• A corpus-driven approach to formulaic language in English: Multi-word patterns in speech and writing
    • Author: Douglas Biber
    • Source: International Journal of Corpus Linguistics, Volume 14, Issue 3, 2009, pages: 275 –311
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    • The present study utilizes a corpus-driven approach to identify the most common multi-word patterns in conversation and academic writing, and to investigate the differing pattern types in the two registers. The paper first surveys the methodological characteristics of corpus-driven research and then contrasts the linguistic characteristics of two types of multi-word sequences: ‘multi-word lexical collocations’ (combinations of content words) versus ‘multi-word formulaic sequences’ (incorporating both function words and content words).
 Building on this background, the primary focus of the paper is an empirical investigation of the ‘patterns’ represented by multi-word formulaic sequences. It turns out that the multi-word patterns typical of speech are fundamentally different from those typical of academic writing: patterns in conversation tend to be fixed sequences (including both function words and content words). In contrast, most patterns in academic writing are formulaic frames consisting of invariable function words with an intervening variable slot that is filled by content words.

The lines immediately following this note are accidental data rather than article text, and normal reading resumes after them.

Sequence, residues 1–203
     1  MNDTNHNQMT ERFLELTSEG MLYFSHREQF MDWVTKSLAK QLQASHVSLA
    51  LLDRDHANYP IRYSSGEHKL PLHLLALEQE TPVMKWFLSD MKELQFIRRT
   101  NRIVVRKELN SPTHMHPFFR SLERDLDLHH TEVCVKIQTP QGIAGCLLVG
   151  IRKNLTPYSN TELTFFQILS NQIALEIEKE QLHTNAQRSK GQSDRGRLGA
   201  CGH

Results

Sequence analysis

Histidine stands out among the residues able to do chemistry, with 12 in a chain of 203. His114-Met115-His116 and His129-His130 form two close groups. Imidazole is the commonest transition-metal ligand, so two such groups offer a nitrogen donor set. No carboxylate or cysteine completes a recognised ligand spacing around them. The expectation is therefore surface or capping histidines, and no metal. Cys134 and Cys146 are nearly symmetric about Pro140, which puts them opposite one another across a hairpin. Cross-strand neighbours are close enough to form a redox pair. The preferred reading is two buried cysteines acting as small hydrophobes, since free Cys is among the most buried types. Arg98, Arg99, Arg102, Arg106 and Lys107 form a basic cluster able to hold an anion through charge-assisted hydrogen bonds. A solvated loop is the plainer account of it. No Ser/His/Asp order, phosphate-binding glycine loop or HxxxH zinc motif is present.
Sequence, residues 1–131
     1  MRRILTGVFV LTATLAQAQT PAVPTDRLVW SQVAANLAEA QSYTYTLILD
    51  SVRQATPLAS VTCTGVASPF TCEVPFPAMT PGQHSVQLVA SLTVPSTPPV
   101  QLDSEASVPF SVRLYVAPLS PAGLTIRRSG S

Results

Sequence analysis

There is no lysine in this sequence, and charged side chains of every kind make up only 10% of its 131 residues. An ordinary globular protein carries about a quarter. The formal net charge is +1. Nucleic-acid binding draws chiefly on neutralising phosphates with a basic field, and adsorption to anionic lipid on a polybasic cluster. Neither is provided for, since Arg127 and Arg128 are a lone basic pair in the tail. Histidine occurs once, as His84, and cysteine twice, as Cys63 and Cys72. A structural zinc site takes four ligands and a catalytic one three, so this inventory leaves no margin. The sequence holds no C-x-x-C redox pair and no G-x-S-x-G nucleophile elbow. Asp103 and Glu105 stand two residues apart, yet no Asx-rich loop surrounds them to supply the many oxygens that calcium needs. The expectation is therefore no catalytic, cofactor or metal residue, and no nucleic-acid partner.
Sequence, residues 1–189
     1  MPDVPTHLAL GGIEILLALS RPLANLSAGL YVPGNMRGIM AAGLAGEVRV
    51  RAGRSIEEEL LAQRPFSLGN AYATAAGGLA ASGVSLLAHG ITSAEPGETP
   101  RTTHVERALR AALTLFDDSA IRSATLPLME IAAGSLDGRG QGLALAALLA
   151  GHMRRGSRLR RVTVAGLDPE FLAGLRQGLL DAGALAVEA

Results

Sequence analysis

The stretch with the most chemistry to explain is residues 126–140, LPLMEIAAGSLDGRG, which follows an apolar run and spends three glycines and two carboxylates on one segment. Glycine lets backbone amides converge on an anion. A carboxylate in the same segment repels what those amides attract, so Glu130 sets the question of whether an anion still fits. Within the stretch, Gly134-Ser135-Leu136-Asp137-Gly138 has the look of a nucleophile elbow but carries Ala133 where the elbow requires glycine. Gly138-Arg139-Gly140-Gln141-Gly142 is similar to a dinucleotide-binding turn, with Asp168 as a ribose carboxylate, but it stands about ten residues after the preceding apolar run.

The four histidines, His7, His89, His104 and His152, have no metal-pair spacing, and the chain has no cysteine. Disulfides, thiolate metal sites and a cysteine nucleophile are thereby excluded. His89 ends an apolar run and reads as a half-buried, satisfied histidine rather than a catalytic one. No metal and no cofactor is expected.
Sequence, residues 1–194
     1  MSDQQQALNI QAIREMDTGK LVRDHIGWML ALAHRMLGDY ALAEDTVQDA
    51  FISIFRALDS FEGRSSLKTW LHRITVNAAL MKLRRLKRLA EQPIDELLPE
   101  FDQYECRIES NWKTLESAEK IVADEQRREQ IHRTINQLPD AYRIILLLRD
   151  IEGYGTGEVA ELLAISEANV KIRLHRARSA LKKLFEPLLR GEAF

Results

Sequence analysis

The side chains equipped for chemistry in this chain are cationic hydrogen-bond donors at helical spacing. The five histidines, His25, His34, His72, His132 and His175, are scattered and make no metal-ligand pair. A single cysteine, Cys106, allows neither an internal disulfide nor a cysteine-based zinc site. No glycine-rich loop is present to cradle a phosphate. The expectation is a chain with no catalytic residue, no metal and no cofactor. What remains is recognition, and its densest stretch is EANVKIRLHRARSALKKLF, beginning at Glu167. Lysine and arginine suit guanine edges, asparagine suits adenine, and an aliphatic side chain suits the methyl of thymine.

• The 385+ million word Corpus of Contemporary American English (1990–2008+): Design, architecture, and linguistic insights
    • Author: Mark Davies
    • Source: International Journal of Corpus Linguistics, Volume 14, Issue 2, 2009, pages: 159 –190
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    • The Corpus of Contemporary American English (COCA), which was released online in early 2008, is the first large and diverse corpus of American English. In this paper, we first discuss the design of the corpus — which contains more than 385 million words from 1990–2008 (20 million words each year), balanced between spoken, fiction, popular magazines, newspapers, and academic journals. We also discuss the unique relational databases architecture, which allows for a wide range of queries that are not available (or are quite difficult) with other architectures and interfaces. To conclude, we consider insights from the corpus on a number of cases of genre-based variation and recent linguistic variation, including an extended analysis of phrasal verbs in contemporary American English.